Targeted inactivation of the murine Abca3 gene leads to respiratory failure in newborns with defective lamellar bodies

Markus Hammel, Geert Michel, Christina Hoefer, Matthias Klaften, Josef Müller-Höcker, Martin Hrabé de Angelis, Andreas Holzinger

Research output: Contribution to journalArticlepeer-review

38 Scopus citations

Abstract

Mutations in the human ABCA3 gene, encoding an ABC-transporter, are associated with respiratory failure in newborns and pediatric interstitial lung disease. In order to study disease mechanisms, a transgenic mouse model with a disrupted Abca3 gene was generated by targeting embryonic stem cells. While heterozygous animals developed normally and were fertile, individuals homozygous for the altered allele (Abca3-/-) died within one hour after birth from respiratory failure, ABCA3 protein being undetectable. Abca3-/- newborns showed atelectasis of the lung in comparison to a normal gas content in unaffected or heterozygous littermates. Electron microscopy demonstrated the absence of normal lamellar bodies in type II pneumocytes. Instead, condensed structures with apparent absence of lipid content were found. We conclude that ABCA3 is required for the formation of lamellar bodies and lung surfactant function. The phenotype of respiratory failure immediately after birth corresponds to the clinical course of severe ABCA3 mutations in human newborns.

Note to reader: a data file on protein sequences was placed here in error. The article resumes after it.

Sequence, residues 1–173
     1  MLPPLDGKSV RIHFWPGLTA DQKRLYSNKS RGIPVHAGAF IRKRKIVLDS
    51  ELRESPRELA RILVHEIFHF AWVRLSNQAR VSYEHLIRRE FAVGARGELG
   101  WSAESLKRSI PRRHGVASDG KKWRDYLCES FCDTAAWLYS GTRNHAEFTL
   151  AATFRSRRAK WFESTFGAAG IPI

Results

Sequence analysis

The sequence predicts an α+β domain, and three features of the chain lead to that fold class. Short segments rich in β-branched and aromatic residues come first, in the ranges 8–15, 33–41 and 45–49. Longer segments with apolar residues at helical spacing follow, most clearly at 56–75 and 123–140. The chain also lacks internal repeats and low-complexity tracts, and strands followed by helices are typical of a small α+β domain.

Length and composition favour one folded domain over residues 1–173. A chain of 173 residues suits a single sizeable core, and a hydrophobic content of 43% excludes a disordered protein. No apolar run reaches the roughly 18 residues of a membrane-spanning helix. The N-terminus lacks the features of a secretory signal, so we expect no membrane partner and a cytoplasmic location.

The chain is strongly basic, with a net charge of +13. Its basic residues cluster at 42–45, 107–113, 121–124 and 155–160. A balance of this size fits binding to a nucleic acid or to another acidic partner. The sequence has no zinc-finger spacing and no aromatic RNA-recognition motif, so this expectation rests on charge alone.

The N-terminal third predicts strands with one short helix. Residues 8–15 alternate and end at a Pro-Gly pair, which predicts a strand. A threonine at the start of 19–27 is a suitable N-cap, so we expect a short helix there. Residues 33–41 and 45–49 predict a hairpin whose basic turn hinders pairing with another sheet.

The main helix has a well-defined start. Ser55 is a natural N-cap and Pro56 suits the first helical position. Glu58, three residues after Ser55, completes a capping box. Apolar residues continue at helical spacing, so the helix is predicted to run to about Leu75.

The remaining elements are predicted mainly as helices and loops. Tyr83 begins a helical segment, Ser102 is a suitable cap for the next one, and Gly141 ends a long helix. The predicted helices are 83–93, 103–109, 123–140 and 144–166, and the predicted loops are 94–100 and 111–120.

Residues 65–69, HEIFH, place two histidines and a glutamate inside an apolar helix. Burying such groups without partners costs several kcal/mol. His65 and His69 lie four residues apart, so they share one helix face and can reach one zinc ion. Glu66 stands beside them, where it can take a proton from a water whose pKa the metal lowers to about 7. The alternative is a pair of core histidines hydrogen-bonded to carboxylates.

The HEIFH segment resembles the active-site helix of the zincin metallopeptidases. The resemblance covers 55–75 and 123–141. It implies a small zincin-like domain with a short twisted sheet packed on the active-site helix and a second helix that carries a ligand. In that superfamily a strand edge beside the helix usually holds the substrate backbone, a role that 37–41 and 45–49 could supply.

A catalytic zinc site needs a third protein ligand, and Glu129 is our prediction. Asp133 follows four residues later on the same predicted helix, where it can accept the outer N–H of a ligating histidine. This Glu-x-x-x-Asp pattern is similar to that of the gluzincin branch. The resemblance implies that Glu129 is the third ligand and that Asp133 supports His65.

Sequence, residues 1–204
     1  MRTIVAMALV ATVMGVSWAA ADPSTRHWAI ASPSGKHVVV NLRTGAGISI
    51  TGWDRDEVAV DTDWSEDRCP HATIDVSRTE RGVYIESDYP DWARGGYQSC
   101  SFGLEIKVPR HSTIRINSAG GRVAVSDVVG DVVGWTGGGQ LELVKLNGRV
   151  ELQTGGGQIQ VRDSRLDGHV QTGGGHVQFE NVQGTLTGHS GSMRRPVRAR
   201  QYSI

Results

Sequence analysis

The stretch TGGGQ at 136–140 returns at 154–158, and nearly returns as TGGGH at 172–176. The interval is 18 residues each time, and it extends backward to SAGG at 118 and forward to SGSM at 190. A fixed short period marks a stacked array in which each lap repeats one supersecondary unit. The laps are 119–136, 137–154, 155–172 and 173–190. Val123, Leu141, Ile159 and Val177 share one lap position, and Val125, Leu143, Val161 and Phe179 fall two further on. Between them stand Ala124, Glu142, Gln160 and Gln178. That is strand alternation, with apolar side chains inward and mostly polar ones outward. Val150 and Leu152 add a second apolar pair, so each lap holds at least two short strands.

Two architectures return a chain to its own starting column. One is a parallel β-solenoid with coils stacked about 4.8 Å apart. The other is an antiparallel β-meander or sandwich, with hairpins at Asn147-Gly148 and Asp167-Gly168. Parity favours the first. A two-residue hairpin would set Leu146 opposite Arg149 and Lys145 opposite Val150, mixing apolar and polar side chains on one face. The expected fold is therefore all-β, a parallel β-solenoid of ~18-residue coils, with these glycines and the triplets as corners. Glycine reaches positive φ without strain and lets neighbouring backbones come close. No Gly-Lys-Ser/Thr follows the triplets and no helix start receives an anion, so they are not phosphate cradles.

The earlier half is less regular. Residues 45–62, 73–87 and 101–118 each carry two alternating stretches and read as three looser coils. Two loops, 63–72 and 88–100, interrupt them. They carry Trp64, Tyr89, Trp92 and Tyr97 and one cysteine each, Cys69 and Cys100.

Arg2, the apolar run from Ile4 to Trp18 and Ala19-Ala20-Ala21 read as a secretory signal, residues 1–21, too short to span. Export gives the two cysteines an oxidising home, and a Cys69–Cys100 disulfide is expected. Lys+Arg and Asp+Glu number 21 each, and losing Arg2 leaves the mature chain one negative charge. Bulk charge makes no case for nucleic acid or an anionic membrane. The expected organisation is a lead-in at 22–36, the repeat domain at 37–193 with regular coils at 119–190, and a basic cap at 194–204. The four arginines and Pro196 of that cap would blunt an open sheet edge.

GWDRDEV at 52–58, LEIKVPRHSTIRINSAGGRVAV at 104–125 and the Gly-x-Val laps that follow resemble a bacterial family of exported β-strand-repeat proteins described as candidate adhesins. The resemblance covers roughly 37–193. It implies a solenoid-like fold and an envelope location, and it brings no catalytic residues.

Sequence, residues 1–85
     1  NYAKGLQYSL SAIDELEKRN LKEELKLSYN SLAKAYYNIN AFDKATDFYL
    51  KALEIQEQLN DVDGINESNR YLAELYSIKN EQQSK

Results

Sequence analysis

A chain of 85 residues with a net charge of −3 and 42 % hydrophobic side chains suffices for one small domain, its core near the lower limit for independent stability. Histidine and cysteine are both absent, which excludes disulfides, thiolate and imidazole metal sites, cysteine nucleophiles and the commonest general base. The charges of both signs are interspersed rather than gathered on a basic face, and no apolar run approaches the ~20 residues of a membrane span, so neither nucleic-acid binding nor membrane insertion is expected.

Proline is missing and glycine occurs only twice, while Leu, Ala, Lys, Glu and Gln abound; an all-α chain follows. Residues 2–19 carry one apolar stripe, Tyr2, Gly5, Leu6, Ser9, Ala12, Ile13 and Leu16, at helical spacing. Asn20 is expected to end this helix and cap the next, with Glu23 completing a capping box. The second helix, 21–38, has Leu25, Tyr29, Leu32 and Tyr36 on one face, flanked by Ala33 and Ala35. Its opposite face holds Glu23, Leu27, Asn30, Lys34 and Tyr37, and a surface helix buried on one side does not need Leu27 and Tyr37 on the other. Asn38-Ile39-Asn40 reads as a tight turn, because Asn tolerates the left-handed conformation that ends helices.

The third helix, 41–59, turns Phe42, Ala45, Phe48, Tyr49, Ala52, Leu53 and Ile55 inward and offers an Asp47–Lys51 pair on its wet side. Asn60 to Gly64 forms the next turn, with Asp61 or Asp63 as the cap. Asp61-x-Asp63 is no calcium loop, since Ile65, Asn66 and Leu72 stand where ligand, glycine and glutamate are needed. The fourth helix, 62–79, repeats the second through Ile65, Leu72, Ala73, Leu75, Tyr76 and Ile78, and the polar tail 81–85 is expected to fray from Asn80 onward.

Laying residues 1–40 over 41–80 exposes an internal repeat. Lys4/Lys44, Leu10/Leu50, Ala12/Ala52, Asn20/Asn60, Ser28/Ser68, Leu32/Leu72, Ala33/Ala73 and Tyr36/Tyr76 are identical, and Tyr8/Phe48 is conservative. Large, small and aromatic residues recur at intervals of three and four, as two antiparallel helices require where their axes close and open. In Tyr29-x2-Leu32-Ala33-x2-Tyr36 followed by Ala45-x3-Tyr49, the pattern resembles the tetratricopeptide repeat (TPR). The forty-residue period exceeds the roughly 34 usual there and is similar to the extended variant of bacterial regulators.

Original languageEnglish
Pages (from-to)947-951
Number of pages5
JournalBiochemical and Biophysical Research Communications
Volume359
Issue number4
DOIs
StatePublished - 10 Aug 2007
Externally publishedYes

Keywords

  • ABCA3
  • Atelectasis
  • Lamellar body
  • Newborn
  • Respiratory distress syndrome
  • Surfactant
  • Transgenic mouse model

Fingerprint

Dive into the research topics of 'Targeted inactivation of the murine Abca3 gene leads to respiratory failure in newborns with defective lamellar bodies'. Together they form a unique fingerprint.

Cite this